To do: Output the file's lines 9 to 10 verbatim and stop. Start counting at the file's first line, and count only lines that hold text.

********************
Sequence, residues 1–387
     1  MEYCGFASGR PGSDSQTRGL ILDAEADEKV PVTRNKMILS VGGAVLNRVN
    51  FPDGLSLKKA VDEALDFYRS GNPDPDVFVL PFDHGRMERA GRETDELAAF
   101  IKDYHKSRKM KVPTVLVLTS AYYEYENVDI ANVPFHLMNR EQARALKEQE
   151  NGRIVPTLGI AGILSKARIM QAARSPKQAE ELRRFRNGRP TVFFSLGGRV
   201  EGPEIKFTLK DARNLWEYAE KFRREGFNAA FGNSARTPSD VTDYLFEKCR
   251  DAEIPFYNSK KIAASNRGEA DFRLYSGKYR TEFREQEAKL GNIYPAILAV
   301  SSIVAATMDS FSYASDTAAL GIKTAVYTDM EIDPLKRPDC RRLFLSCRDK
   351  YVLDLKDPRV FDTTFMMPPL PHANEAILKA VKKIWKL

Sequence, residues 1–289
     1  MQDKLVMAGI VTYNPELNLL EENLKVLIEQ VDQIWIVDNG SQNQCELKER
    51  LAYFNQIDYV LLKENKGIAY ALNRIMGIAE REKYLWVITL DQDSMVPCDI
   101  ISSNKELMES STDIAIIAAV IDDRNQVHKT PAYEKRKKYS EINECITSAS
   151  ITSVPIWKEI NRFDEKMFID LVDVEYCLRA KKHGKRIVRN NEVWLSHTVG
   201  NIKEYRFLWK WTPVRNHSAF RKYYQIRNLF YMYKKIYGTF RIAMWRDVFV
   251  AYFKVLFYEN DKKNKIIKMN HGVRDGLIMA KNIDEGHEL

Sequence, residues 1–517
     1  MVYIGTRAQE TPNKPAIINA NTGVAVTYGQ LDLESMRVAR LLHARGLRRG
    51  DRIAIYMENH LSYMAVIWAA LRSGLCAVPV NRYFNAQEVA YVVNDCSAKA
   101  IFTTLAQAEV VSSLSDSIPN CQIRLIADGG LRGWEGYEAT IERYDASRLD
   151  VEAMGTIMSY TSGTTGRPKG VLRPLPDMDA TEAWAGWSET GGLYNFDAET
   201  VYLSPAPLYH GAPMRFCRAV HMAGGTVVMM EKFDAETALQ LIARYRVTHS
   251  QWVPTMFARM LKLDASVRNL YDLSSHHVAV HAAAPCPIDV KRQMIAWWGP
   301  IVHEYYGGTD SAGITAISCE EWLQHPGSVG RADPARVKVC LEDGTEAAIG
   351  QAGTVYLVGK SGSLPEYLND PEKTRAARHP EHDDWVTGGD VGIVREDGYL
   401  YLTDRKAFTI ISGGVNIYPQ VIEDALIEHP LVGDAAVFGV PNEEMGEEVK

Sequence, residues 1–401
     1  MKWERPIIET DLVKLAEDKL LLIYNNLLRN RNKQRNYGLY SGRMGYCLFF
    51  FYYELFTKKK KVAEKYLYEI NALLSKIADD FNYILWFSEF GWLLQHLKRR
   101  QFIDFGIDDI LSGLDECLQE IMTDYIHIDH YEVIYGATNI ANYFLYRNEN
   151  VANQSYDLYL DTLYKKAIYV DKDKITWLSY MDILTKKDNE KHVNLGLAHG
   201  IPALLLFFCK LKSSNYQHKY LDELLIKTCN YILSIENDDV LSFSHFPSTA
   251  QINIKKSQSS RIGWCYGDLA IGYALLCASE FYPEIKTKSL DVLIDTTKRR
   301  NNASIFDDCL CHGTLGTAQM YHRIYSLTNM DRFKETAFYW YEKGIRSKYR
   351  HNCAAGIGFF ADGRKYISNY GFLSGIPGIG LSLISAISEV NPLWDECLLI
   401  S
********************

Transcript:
   351  YVLDLKDPRV FDTTFMMPPL PHANEAILKA VKKIWKL

Sequence, residues 1–289